|Photo: R. Massaro Lourdes, France|
Mary's closing visit to Lourdes was on July 16th the feast which honors her under the title of Carmel. She came at sunset. Her choice of day must not have been an accident. the very name Carmel must have filled her with fond memories.
She would have remembered many a sunset when she and her Son rested their eyes on the beauty of that mountain as the day faded. In its pure and lonely grandeur it stood out of this world. It recalled memories of a great past. She would have known it as a place of prayer and silence and the witness of mighty battles in the plains below.
When she sang her Magnificat she was the meeting-place of two worlds, a world stretching back to Abraham and forward to generations yet unborn. She recalled the past mercies of the Lord; she foresaw the praise future ages would give her for the great things God had done in her.
And in a sense, Carmel linked two worlds, east and west, past and future. A mountain hallowed by prayer before she was born, a place that would do her honor from age to age. There are flowers on Mount Carmel when there are none elsewhere.
The Ascent of Mount Carmel is a well-worn path, traveled down through the centuries by countless members of the Order which glories in the title of Carmel who have been richly rewarded for the ardor of the ascent, for in their souls have blossomed flowers of holiness of rarest quality. In the majestic grandeur of the mountain of God they have lived through dark nights, and have seen glorious dawns.There in the silent companionship of Mary they have pondered the word and remained with her in prayer. They have enriched the Church with a shining example of silent worship, unending contemplation, and pure love. The beauty of Carmel might tempt us to follow them at least from afar. Any day, at any moment, we may go on pilgrimage to Carmel, we may climb the heights to pay her our tribute of praise and love.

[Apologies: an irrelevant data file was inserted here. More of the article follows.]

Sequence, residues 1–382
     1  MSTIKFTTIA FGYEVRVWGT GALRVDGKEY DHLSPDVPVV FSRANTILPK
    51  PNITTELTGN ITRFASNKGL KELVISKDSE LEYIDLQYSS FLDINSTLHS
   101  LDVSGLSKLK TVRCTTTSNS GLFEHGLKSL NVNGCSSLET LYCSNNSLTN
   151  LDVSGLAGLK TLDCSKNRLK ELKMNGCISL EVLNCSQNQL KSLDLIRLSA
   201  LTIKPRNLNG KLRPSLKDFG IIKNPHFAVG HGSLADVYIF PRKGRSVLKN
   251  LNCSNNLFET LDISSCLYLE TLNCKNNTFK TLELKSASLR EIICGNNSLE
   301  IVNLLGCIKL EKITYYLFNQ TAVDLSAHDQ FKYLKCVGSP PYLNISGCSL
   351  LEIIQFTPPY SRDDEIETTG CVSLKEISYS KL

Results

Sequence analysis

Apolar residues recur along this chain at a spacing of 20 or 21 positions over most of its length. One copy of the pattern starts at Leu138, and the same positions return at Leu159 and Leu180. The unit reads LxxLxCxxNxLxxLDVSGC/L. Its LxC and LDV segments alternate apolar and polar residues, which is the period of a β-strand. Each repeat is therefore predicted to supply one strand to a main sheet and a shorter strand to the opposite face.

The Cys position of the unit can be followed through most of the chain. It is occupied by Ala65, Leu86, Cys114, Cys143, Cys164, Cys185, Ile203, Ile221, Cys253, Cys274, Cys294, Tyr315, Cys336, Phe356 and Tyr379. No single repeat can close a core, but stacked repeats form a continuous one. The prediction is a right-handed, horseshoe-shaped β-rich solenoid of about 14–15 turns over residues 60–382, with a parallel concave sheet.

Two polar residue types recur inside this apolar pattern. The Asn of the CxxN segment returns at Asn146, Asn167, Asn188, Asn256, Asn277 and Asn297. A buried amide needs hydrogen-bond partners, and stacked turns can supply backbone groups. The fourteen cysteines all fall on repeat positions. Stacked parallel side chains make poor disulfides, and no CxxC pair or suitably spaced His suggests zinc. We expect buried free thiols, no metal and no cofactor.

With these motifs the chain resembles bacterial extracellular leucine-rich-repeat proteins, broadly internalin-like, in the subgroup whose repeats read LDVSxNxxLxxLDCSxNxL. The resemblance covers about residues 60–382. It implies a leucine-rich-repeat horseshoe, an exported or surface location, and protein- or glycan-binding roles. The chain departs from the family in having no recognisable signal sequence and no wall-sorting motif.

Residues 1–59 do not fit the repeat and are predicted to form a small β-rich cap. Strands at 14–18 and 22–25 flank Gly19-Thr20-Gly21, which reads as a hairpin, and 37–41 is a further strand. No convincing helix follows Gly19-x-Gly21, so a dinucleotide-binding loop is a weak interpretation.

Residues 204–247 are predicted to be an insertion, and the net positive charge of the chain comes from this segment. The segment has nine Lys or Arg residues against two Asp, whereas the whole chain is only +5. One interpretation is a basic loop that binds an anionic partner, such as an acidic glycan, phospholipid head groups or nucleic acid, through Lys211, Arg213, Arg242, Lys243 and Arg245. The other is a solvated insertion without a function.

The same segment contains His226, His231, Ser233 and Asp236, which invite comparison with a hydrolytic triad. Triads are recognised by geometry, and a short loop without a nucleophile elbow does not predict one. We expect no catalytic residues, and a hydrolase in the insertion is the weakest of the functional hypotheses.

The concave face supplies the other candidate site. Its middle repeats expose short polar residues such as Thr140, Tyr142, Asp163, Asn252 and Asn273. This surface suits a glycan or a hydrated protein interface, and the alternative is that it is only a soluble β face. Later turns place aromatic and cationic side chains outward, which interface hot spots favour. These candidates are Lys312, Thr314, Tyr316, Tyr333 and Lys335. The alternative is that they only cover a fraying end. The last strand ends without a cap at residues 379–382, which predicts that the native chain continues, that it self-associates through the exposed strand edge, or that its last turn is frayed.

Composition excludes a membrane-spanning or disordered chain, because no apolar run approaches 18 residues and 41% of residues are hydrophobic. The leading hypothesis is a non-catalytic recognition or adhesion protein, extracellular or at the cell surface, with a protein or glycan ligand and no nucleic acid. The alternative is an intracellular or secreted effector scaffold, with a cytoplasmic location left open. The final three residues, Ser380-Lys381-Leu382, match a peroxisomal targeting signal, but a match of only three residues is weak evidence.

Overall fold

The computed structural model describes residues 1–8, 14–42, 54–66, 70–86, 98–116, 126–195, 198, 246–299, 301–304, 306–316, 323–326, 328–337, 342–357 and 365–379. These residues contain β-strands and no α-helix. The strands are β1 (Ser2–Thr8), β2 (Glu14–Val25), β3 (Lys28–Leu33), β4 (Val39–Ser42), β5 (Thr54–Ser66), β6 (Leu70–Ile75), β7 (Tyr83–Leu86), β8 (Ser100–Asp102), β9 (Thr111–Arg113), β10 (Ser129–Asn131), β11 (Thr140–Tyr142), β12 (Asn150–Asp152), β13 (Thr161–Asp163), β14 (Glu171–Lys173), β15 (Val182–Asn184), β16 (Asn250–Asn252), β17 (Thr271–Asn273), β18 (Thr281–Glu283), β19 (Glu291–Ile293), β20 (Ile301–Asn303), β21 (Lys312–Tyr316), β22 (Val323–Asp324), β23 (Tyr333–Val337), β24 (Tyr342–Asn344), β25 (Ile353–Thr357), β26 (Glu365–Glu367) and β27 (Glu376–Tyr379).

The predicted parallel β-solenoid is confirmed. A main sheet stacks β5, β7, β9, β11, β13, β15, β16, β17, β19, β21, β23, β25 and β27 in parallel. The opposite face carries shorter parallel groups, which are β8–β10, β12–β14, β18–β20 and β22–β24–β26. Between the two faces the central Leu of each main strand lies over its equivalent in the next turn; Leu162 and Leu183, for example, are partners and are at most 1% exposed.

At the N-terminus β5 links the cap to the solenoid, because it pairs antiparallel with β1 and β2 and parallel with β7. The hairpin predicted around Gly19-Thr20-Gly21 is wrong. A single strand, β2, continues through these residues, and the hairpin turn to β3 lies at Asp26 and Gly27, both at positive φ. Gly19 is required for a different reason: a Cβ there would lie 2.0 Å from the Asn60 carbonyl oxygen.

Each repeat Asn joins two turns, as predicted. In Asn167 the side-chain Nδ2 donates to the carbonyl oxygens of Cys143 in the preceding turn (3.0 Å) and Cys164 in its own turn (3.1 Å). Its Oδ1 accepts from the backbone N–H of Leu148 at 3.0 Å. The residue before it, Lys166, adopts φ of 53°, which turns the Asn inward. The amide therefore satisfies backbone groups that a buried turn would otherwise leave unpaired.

But before we start we have something to do. Before we ascend to honor her who had her roots in Jacob we must take the advice once given to Jacob before he ascended to Bethel. "Put away the foreign gods that are among you,, and purify yourselves and change your clothes. (Gen. 35,2) Three things to do. Put aside the gods made with hands, the worldly attachments which hold us in their spell; cleanse ourselves of the dross of this world; robe ourselves anew in the innocence of our baptismal garment, and then we will be capable of a new love, a new song that will have all the freshness and beauty of spring flowers on Carmel. Let St. John of the Cross lead us in this song for the ascent:
Let us rejoice, Beloved. And let us go forth to behold ourselves in your beauty, to the mountain and to the hill, to where the pure waters flows...There you will show me what my soul has been seeking.
Pilgrims With Mary by John Moloney P.P.
Peace be with you!